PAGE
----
What I am having a problem with is this ongoing trend – in many ways enhanced by the quick nature of TikTok’s short video format – to claim universality when it comes to this love for minimalism, this need to promote a stripped-down routine as the only valid and “correct” way to engage with skincare, and the tendency to shame people who might just want to have fun with their daily grooming routine instead of aiming for perfectly optimised efficiency. In an age where every hobby needs to be turned into a business and every business needs to be “disrupted”, where exercise and food need to be “biohacked” and your skincare “optimised”, I feel we are losing a vital part of what makes this human experience so darn wonderful: pleasure, enjoyment, doing something simply because it is fun and feels good.
The constant need to “hack” your skincare routine, to turn skincare into a productive activity that is done to achieve a goal and not just because it is an enjoyable activity in and of itself just feels increasingly uncomfortable to me, especially when this leads to more and more shaming of people who do not follow this approach. Again, this seems to be closely linked to the decisively 21st century idea that all our hobbies, loves and enjoyments need to somehow be productive to be worthwhile, and the idea of pleasure for pleasure’s sake as something frivolous and laughable (and anything laughably frivolous as feminine).
I think the black-and-white, dogmatic nature of the short video format favoured on Tiktok also plays a part here. A 1-3 minute long video leaves little space for nuance or mellowness, with shortening attention spans making us look for more and more “outrageous” content, for quick info bites to grab “on the go.” It is easier to do a one minute video telling your audience that fragrance is BAD vs. sitting down to carefully explain that it’s all a lot more complicated than it seems at first sight once you go into different studies on the matter.
Dermatologists also tend to focus specifically on diseased skin, so their tendency to dismiss any non-minimalist formulas in favour of sensitive skin friendly, fragrance- and alcohol-free products is understandable, but doesn’t maybe always take into account that not all people suffer from constant skin barrier damage or highly sensitised skin. And maybe we also shouldn’t forget that dermatologists sell highly expensive laser treatments, peelings and botox/filler injections that people may potentially not need if that little gua sha tool may just be enough for them to tighten and depuff their jawline a little bit for a few hours every morning.
For me personally, skincare and grooming has always been about far more than just getting clean and moisturised: as someone suffering from depression and anxiety, my daily morning and evening skincare routines are two much needed lifelines when things seem to spiral out of control. I may not have managed to clean my flat, or finish my work on deadline, but at least I was able to sit down calmly for a few minutes after waking up and right before going to bed to connect with my body by layering toner, essence and serum, using my hands to massage it all in. Maybe sheet masks don’t actually do anything for my skin long-term, but oh my do I feel wonderful when I use one, because it gives me a chance to lay down and just…relax. My nightly gua sha massage helps with my TMJ symptoms and works as a wonderful grounding ritual when I feel fully disconnected from my body thanks to occasional bouts of intense vertigo.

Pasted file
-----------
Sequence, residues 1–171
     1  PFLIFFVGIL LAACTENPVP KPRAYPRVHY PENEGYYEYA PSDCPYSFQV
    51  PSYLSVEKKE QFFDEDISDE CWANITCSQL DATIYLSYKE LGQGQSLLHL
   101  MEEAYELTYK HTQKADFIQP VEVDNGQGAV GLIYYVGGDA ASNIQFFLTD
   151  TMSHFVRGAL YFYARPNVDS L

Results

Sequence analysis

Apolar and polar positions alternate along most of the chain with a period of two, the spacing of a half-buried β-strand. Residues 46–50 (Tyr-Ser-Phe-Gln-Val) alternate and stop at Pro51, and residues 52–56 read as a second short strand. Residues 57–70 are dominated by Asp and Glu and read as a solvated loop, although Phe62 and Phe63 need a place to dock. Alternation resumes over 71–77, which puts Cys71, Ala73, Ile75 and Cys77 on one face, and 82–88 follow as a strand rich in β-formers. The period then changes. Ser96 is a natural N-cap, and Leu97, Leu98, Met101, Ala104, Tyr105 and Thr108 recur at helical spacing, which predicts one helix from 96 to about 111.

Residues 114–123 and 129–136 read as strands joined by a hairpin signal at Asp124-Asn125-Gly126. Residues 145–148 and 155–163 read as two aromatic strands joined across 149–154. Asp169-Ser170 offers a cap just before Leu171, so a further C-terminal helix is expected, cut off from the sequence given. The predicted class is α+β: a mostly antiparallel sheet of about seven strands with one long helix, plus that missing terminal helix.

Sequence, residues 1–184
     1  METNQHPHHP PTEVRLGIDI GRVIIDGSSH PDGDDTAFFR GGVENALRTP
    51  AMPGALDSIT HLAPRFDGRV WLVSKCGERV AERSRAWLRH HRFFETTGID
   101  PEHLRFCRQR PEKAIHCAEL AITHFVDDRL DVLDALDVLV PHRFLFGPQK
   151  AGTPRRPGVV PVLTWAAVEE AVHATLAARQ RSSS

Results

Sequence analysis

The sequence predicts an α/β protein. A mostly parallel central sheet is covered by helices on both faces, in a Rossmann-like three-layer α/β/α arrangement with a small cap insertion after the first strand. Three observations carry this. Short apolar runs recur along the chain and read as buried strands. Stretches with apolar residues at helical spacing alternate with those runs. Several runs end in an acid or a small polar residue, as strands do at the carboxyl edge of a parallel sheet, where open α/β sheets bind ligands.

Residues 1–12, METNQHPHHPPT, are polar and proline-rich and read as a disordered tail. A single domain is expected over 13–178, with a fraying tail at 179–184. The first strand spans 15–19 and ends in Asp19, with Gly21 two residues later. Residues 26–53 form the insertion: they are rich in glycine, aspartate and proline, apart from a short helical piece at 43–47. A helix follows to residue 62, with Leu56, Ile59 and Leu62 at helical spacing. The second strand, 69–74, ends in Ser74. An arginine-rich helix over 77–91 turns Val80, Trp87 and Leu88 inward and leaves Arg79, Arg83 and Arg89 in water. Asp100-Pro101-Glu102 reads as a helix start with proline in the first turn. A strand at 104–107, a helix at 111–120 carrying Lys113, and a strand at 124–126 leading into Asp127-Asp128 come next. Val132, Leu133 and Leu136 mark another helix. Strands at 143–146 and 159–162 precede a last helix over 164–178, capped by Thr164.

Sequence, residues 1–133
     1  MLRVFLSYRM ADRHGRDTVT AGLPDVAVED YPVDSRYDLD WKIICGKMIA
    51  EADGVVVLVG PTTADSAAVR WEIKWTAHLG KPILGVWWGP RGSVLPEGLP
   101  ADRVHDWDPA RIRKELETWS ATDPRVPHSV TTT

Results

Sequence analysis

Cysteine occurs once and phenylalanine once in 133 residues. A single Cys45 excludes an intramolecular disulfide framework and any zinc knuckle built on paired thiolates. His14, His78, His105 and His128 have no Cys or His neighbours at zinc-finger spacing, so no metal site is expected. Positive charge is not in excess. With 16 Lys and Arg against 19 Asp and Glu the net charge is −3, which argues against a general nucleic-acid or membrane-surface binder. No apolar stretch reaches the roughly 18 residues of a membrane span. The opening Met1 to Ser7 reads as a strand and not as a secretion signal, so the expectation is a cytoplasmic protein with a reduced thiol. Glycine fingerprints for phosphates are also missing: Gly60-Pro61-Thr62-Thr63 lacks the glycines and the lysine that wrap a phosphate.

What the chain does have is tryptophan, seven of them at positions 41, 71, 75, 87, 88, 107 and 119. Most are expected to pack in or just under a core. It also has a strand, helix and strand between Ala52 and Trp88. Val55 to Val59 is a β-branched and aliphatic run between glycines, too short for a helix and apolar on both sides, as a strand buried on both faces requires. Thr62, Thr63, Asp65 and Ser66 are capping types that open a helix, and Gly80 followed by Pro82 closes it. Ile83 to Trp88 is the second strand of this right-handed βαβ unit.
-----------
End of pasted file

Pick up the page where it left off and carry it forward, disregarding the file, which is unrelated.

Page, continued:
The ideal of a perfectly optimised skincare routine is comforting, of course, especially in a world that is becoming increasingly more chaotic and destabilised. It surely is no coincidence that skincare sales surged during the pandemic, and skincare YouTubers and TikTok creators have become the new “beauty gurus”, with makeup content far less popular than it used to be. Our lives may be spiralling out of control, daily routines out the window thanks to the world being upside down for so many of us, but darn it if we cannot at least control and perfect what goes onto our skin!
But humans aren’t machines, we weren’t meant to be hacked into and programmed to perfection, especially not by using the same code for every single human out there. Just like food is about more than just providing fuel to keep our bodies going, so is skincare about more than merely solving whatever imperfection we might see it having. Sure, you can eat unflavoured and unseasoned chicken breast, brown rice and broccoli every day to “optimise” your macro-nutrients, but what joyless life would that be? For many of us, using skincare is a soothing activity that connects us to our bodies and allows us to practice self-care, that pleases the senses with its delectable scents, textures and sensations when applied to our skin. We should not be shamed for this enjoyment.
Basically, it all boils down to this: do not let others shame you for what makes you happy, because happiness is not easily found in this crazy, topsy-turvy time. And do not feel guilty if your happiness comes from a nice-smelling cream or even – gasp! – one of those terrible, absolutely not acceptable sugar scrubs or high pH cleansing foams. Don’t get swept up in the dogma wars raging on social media, use common sense and watch how your skin reacts to certain products. If you suspect an ingredient makes your skin unhappy, cut it out. And don’t let people shame you over your enjoyment of taking care of your skin!
Take care guys, and stay safe – don’t forget to follow me on Instagram and Facebook for all the latest K-Beauty and skincare news, and check out my other work, e.g. my article about My skincare routine with Olive Young Global products! And guys – I have a YouTube channel now, I’d love for you to check it out and subscribe!